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Conservation of Momentum and Dissipation of Kinetic Energy - AP Problem

  1. Dec 8, 2007 #1
    1. The problem statement, all variables and given/known data

    An open top railroad car (initially empty and of mass M.) rolls with negigible friction along a straight horizontal track and passes under the sprout of a sand conveyor. When the car is under the conveyor, sand is dispensed from the conveyer in a narrow stream at a steady rate delta-M/delta-t=C and falss vertically from an average height h above the florr of the railroad car. The car has an initial speed v. and sand is filling it from time t = 0 to t = T. Express your answers to the following in terms of the given quatities and g.

    a) Determine the mass M of the car plus the sand that it catches as a function of time t for 0 < t < T.

    b) Determine the speed v of the car as a function of time t for for 0 < t < T.

    c) i.) Determine the initial kinetic energy of the empty car.
    ii.) Determine the final kinetic energy K final of the car and its load
    iii.) Is kinetic energy conserved? Explain.

    d.) Determine the expressions for the normal force exerted on the car by the tracks at the following times
    i.) before t=0
    ii.) for for 0 < t < T.
    iii.) after t=T

    2. Relevant equations

    Conservation of Momentum: m1(v1i) +m2(v2i) = m1(v1f) + m2(v2f)

    3. The attempt at a solution

    I got part A by using Calculus: CT + Mo

    But I have a question about part b. I was going through the homework archives on this website and I found a previous poster said that:

    v(t) = momentum / the mass as a function of time:
    v(t) = p/m(t) = m0v0/(m0 + Ct).

    My question is:

    Why does v(t) = momentum / the mass as a function of time?

    And is the reason why can you use m0v0 (the initial momentum) as the momentum for V(t) for the entire time from o<t<T because momentum is conserved throughout the entire time interval?

    Thanks!! :)
    Last edited: Dec 8, 2007
  2. jcsd
  3. Dec 8, 2007 #2

    Doc Al

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    Staff: Mentor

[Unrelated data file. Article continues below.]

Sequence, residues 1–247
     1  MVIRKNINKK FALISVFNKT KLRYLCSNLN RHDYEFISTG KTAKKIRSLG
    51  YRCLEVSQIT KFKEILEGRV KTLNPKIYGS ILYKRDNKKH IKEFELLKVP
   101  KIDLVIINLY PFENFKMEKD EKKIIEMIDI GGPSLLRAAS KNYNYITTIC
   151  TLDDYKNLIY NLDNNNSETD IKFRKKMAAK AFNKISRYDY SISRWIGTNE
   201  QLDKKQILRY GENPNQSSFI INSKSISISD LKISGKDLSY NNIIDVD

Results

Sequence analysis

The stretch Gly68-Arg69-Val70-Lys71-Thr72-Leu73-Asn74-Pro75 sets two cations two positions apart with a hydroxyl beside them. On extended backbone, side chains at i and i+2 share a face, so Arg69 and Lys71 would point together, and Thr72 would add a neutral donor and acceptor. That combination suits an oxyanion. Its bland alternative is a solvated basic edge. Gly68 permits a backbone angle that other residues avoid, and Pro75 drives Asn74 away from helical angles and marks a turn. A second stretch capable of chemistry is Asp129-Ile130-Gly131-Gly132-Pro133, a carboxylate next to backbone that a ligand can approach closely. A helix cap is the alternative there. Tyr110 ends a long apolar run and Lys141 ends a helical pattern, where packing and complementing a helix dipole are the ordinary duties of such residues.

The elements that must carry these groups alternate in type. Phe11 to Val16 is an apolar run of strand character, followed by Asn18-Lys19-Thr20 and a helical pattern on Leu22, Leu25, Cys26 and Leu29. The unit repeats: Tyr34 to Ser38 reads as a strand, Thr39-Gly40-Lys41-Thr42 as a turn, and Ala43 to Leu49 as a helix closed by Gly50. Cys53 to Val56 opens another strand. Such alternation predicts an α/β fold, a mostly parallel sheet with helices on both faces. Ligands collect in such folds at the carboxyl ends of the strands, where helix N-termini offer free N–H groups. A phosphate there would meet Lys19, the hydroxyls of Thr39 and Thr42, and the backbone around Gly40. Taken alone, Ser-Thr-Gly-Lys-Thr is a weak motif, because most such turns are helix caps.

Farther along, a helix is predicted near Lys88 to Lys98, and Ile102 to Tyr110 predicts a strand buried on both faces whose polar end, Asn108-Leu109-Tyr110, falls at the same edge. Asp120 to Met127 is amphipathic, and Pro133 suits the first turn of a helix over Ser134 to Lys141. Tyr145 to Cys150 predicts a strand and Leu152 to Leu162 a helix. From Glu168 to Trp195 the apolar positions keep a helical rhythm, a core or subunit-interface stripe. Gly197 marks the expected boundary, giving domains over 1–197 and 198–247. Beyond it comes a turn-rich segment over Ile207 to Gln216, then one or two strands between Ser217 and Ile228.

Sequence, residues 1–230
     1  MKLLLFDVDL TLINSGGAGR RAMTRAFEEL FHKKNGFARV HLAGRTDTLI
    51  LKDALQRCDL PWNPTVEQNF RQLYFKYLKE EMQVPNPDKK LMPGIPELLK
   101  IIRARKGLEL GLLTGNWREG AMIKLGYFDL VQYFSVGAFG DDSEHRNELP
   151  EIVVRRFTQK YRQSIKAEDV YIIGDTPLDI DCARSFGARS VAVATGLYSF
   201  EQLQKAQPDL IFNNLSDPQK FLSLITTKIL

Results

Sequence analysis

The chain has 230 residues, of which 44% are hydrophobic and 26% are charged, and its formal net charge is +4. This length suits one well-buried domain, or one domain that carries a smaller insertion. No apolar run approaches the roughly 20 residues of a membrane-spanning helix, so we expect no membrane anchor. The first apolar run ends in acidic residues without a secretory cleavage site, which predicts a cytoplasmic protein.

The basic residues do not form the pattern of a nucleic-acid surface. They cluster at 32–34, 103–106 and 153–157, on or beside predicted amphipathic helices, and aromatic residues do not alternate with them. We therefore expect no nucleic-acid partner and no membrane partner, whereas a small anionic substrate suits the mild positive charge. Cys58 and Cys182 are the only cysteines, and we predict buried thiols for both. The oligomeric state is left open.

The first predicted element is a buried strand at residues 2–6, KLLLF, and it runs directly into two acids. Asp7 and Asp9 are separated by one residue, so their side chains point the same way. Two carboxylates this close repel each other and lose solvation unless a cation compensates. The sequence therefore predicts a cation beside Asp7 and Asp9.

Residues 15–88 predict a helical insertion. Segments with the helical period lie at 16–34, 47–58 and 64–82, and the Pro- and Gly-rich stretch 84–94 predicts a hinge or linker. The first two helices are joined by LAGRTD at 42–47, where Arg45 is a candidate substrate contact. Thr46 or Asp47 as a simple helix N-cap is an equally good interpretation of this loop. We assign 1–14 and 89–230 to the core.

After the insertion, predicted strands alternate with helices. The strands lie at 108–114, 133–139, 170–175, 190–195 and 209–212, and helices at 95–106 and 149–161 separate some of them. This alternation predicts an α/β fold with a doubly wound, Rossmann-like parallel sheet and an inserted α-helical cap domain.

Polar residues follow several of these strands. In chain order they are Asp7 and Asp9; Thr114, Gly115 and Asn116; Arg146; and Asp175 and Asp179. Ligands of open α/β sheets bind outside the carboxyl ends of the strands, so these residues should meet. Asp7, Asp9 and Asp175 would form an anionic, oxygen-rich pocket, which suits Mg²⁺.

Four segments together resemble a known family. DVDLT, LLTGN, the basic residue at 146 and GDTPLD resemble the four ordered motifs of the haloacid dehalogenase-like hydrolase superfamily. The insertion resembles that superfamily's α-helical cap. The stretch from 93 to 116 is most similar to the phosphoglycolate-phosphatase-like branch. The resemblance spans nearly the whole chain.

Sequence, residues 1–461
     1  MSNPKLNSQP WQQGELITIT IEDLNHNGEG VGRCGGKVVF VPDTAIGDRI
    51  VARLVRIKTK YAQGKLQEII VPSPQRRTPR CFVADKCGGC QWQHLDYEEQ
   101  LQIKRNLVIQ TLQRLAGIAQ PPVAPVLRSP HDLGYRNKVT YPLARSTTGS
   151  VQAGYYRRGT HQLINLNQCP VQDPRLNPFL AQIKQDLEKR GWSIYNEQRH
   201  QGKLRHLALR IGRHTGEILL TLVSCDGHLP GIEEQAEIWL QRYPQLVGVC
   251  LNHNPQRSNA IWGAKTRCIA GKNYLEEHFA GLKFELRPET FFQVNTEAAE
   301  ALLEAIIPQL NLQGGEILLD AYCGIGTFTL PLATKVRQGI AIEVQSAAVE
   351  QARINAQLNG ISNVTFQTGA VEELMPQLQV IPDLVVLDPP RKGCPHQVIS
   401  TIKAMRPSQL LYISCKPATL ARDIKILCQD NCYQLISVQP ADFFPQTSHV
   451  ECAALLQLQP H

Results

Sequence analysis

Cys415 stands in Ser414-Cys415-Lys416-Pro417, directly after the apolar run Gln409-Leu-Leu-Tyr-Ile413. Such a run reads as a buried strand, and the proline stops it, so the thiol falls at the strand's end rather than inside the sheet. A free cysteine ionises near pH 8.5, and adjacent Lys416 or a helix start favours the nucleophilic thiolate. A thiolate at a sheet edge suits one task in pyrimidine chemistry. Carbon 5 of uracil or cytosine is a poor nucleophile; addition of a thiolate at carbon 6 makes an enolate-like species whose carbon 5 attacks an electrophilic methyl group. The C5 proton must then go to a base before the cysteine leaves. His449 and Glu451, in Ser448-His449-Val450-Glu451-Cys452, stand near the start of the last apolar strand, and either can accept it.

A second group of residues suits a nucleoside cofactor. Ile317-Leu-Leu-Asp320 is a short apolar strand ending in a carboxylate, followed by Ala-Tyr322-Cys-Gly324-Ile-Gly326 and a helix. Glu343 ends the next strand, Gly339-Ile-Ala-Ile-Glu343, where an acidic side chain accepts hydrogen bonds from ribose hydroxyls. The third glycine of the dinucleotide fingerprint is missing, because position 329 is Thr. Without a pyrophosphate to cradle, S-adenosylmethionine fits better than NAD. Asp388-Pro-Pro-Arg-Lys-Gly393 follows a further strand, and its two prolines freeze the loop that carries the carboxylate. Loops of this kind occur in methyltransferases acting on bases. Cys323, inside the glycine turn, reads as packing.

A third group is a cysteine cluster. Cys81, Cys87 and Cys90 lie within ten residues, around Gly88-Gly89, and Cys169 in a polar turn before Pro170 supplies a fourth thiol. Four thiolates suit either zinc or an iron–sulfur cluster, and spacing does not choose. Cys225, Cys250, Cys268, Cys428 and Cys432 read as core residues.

If you consider the "car + enclosed sand" as a system, what is its momentum? Does it change?
  4. Dec 8, 2007 #3
    The car + the sand as a system makes the momentum= rate of mass (velocity)

    Ahhhhhh I see! A little math makes velocity=momentum/rate of mass, thanks! :)
  5. Dec 8, 2007 #4
    For part c iii I got that when I set the inital and final kinetic energies equal to each other:

    0 =CT

    So I'm guessing that means Kinetic Energy is not conserved because CT must be a nonzero since its mass of sand falling into the railroad car.

    On part d, Fn=g(mass)

    i) Mog ii) g(Ct+Mo) mass as a function of time times acceleration of gravity iii) g(CT=Mo) since the railroad car is no longer filling up.

    Is this work correct? Thank You!! :)
  6. Dec 8, 2007 #5

    Doc Al

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    OK. But rather than set initial and final KE equal, just compare them. KE is not conserved. (The sand collides with the moving car--essentially an inelastic collision.)

    Careful here. Don't neglect the height from which the sand falls.
  7. Dec 8, 2007 #6
    I'm confused. Why does the height matter is we care about the Normal Force?
  8. Dec 8, 2007 #7

    Doc Al

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    I'll ask you this: If you step gently on a bathroom scale, what does it read? But what if you jumped down onto it from some height, would it read any different?

    Hint: Consider the change in vertical momentum.
  9. Dec 8, 2007 #8
    I'm still confused. I don't know how to apply this...although now I understand that the normal force would be greater, I don't know the physics to change this..
  10. Dec 8, 2007 #9

    Doc Al

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    What force must the car exert on the falling sand to stop its vertical motion?
  11. Dec 8, 2007 #10
    So would it be

    ii) g(Ct+Mo) + Fg of the sand falling? Whats the mass of the falling sand? Is it Ct+Mo?

    g(Ct+Mo) + g(Ct+Mo)

    so 2g(Ct+Mo) for ii

    and iii:


    :) ?
  12. Dec 8, 2007 #11

    Doc Al

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    Force = rate of change of momentum. What's the rate of change of the vertical component of the sand's momentum as it hits the car?
  13. Dec 8, 2007 #12
    I found something on the internet that said:


    I don't understand how they came to that conclusion. Any explanation would be great! =)
  14. Dec 8, 2007 #13

    Doc Al

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    Which step in that chain do you not understand? The first step is key: Force equals the rate of change of momentum.
  15. Dec 8, 2007 #14
    Okay, I think I see what they did. Thank you!
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